Yes, the opening is the one behind the voltage regulator compartment.  Mine no longer is in there.  It seems that it draws air from the engine compartment and may modulate the temps of the sheet metal voltage regulator case.  My thought was that it is drawing heated air from the engine compartment, but it is probably not that significant.

Airbag,

I generally like to hold onto parts that I might want to rethink.  The shutters seem to be okay except for rattling a bit.  The actuator on the left set, which are the only ones I have really examined since that is the side I am working on, has a lot of rust.  I would suspect that it would need replacement.  My guess is the shutterstat would also have to be changed.  Have you priced those parts yet.  I do not believe that the shutters on this bus have worked for eons.  I have not yet noticed a problem in getting up to operating temperature, but I have not traveled in the frozen north.  At this time, I have no plans to do so.  As we are going into summer now, heat is more on my mind.
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« Reply #18 on: April 16, 2009, 07:10:50 PM »

Lin,
It ended up being $1,200.00 to fix and it would have been $1,400.00 to recore. But at the time they estimated it, i figured maybe it would go faster and be less than $1,200.00. Even so, they took both tanks off, cleaned them up, checked and rodded the core, put it all back together, resoldered every joint, bead blasted the side straps and repainted the whole dam thing. Putting only 8 - 10,000miles a year on it I think I'm fine.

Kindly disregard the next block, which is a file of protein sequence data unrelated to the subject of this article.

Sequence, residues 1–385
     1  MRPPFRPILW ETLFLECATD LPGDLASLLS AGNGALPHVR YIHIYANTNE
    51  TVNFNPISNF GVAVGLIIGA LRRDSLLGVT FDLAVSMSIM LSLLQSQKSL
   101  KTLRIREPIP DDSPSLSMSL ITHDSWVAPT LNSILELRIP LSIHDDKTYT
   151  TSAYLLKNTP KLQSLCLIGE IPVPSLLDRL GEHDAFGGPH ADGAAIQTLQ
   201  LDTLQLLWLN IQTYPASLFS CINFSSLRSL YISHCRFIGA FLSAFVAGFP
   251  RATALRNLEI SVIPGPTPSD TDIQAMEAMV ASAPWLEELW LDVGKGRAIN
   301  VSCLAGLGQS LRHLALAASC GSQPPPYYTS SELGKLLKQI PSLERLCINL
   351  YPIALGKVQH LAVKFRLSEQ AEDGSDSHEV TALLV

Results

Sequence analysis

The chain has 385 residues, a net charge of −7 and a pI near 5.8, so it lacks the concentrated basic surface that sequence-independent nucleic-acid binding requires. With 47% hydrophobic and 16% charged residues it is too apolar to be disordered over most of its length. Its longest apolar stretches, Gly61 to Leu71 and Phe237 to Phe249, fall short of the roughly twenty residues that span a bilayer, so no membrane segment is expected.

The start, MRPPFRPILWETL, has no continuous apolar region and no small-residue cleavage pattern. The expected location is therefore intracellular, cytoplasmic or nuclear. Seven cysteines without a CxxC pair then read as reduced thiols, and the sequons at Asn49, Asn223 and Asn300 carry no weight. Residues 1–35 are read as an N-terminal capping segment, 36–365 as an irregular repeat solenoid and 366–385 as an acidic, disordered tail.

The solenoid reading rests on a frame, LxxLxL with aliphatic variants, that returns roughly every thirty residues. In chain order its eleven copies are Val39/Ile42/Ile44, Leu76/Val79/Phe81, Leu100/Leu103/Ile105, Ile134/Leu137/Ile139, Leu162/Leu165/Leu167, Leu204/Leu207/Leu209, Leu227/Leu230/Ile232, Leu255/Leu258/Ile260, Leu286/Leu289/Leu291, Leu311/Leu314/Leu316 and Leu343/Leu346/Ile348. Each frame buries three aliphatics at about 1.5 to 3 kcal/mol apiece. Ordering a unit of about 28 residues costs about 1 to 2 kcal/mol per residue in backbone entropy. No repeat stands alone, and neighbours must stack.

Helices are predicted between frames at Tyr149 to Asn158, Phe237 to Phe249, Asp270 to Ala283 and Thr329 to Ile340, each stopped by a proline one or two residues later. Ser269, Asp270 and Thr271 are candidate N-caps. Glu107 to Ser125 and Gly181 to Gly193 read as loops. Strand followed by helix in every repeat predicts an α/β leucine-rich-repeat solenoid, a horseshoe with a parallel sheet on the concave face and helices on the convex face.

Regarding the shutters, I'm no expert, but using these things the way we use them I really don't think you need them. Shutters are nice when the engine struggles to get above 160. Living in Minnesota, I rarely leave it idling and once its working, the temp stays 180 or above. In commercial bus service, the bus could have sat for 8 hours running in the winter trying to maintain temp. We just don't use these things that way. Turn on the Webasto and shut off the Detroit.
Fred
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Fred Thomson
Lin
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« Reply #19 on: April 16, 2009, 10:06:12 PM »

Fred,

I took my radiator to the only shop in town.  He does radiators and mufflers.  He said he could fix all the leaks very reasonably.  He said he could not rod it or take it apart since they are not bolt on tanks and he does not want to mess with it.  Since I did not have a heat problem, just a leak problem, this will be fine.